Turnout was light, to put it lightly, at the Democratic Caucuses at Challenger Elementary in the Klahanie neighborhood Sunday. For the 48 precints from both Sammamish and Issaquah neighborhoods represented there, about 40 people attended to discuss issues and select delegates for the upcoming presidential elections.
Martha Franklin, PCO for the Hi-Valley precinct, and her husband, Lou, were the only two members of their precinct to show up at the event. Neither is able to attend the state convention as a delegate, so their precinct won’t be represented there, she said.
Franklin said that it’s much different for Democrats this time around. “I think they just have their candidate,” she said. But the Franklins also expressed some concern that some members of their precinct might have been confused, because Challenger was a new caucus location for them this year.
Joe Stegner said he remembers the 2008 caucuses as “like being at a rock concert,” in large part because both Hillary Clinton and Barack Obama were strong candidates at that time, and facing an open Republican field.
Meanwhile, Tom Glasgow, who a KOMO sportscaster who lives in the Klahanie precinct, was the only member from his own neighborhood at the caucus. Despite being alone at his table, Glasgow said he didn’t see the lack of participation at the caucus as a lack of interest.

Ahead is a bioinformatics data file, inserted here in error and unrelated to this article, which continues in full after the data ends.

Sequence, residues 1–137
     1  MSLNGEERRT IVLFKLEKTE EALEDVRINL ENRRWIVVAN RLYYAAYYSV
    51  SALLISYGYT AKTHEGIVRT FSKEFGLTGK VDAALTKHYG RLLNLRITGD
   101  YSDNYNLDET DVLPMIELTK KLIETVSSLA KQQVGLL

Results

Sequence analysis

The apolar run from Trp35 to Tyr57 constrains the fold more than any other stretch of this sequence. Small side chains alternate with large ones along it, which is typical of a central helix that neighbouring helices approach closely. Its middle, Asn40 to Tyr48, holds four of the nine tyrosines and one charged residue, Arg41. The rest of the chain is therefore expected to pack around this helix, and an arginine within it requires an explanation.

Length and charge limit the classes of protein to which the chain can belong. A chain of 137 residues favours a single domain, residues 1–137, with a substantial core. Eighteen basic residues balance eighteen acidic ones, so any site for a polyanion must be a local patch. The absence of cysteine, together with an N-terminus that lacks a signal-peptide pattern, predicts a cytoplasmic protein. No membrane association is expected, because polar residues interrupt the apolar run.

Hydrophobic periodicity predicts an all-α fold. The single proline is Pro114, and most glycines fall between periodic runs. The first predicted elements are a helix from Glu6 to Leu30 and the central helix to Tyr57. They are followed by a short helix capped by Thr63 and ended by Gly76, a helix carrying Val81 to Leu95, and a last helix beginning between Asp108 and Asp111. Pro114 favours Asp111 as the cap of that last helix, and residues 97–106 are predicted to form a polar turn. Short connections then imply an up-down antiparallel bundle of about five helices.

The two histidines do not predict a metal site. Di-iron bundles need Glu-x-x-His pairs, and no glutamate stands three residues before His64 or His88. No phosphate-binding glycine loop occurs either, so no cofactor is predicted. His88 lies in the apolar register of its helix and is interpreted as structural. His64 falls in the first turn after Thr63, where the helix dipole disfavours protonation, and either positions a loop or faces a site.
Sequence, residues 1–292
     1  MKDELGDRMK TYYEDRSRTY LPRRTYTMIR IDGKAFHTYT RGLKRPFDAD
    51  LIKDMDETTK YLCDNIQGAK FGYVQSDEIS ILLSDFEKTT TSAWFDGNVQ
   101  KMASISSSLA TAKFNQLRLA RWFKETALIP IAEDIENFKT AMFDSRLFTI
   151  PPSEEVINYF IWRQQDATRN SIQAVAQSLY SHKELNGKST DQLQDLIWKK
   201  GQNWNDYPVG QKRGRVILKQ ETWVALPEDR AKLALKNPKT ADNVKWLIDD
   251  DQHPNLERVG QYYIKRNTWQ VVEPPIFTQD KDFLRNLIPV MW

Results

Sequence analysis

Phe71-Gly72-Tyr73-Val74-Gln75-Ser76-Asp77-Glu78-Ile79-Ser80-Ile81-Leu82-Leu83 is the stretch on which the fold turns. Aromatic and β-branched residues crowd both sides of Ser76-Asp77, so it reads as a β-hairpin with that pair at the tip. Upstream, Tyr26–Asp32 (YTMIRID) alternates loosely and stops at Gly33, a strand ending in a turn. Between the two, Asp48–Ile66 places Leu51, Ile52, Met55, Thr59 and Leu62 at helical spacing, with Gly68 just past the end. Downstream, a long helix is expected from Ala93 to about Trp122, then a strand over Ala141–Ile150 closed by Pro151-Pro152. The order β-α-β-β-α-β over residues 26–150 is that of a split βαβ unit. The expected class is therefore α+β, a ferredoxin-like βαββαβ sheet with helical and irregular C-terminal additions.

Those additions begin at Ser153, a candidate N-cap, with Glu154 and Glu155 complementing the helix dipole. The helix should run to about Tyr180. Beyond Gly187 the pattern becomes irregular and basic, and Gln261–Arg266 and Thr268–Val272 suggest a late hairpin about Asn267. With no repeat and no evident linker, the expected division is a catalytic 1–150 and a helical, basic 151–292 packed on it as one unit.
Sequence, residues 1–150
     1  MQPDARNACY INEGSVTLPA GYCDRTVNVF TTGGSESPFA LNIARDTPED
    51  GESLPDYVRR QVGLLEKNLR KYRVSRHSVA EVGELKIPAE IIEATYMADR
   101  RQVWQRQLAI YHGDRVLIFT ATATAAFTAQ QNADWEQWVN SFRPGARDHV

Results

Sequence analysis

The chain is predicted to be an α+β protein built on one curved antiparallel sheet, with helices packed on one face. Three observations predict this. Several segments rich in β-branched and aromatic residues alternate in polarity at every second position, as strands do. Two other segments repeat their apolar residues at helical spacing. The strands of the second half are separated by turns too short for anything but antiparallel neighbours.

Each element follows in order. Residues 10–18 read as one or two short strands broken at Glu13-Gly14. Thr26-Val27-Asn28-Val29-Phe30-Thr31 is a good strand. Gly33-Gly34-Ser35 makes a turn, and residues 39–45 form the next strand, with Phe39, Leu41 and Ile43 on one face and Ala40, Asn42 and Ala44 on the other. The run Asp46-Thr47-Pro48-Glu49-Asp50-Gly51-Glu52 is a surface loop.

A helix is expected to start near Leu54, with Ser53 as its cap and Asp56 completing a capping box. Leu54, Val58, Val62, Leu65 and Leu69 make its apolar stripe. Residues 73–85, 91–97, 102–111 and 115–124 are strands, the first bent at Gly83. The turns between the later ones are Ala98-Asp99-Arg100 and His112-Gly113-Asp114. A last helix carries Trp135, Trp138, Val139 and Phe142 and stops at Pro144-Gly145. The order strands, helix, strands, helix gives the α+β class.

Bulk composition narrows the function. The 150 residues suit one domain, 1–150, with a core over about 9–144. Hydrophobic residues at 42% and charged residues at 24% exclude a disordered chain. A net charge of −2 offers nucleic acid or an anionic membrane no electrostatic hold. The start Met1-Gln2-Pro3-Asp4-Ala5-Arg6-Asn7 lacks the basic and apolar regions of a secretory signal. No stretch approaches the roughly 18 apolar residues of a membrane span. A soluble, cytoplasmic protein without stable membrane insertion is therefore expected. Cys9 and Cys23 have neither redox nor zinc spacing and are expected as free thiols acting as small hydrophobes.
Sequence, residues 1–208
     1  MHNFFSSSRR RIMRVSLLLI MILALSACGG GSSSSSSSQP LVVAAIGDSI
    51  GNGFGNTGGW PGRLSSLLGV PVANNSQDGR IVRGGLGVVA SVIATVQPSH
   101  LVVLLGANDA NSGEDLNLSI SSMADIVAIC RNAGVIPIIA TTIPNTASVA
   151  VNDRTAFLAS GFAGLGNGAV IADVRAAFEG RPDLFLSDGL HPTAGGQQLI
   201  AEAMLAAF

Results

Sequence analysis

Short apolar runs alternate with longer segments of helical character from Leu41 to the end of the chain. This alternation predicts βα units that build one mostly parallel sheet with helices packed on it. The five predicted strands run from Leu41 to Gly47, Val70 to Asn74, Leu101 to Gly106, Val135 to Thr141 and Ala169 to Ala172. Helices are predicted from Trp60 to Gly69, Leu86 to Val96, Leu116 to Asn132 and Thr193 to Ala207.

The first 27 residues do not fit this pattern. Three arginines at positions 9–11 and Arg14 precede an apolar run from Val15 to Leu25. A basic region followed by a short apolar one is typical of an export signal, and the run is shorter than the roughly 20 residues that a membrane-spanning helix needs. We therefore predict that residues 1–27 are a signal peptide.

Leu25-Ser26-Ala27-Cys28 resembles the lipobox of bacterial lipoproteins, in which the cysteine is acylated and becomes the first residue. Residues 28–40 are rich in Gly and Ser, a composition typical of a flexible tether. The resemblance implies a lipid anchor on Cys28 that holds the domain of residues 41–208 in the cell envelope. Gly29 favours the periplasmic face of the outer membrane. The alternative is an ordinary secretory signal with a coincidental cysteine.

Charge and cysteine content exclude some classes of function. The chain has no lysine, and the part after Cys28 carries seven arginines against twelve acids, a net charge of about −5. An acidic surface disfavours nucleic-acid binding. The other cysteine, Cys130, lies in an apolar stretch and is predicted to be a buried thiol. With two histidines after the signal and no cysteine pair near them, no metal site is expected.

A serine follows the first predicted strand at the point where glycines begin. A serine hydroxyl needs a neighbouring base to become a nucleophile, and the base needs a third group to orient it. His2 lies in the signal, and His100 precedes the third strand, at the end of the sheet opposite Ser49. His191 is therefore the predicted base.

“I don’t think it’s an indication of a lack of passion. It’s a different race,” he said, noting that fundraising by President Obama, a large indicator of interest by party members, seems to be going well.
Glasgow said his primary concern is to gain a second term for Obama.
“I think of him as a superior president than what (Republicans) would have to offer up. I’t important not to turn back the clock on this country,” he said.
Others expressed concerns about issues such as protecting social security.
“I’m all about ‘scrappin’ the cap’,” said Melanie Jackson. "Social security, after you make a certain amount of money you don't have to pay in. If we scrapped that, social security would be solvent forever.”
Lou Franklin, who worked in the field of women’s health and fertility for years, said he’s concerned about protecting women’s right to make health choices. He and Martha also both expressed concerns about the social security cap and a desire for tax reforms.
“Have the wealthiest one percent pay more of their share,” he said.
The low turnout made selecting delegates simple, however—in one precinct, four people attended and filled the precinct’s four delegate slots.
The youngest caucuser, Jenner Sapienza, traveled with his mom, Katherine, and siblings to Spokane and Denver in 2008.
“For us, it’s important to get them involved in the process,” Katherine Sapienza said.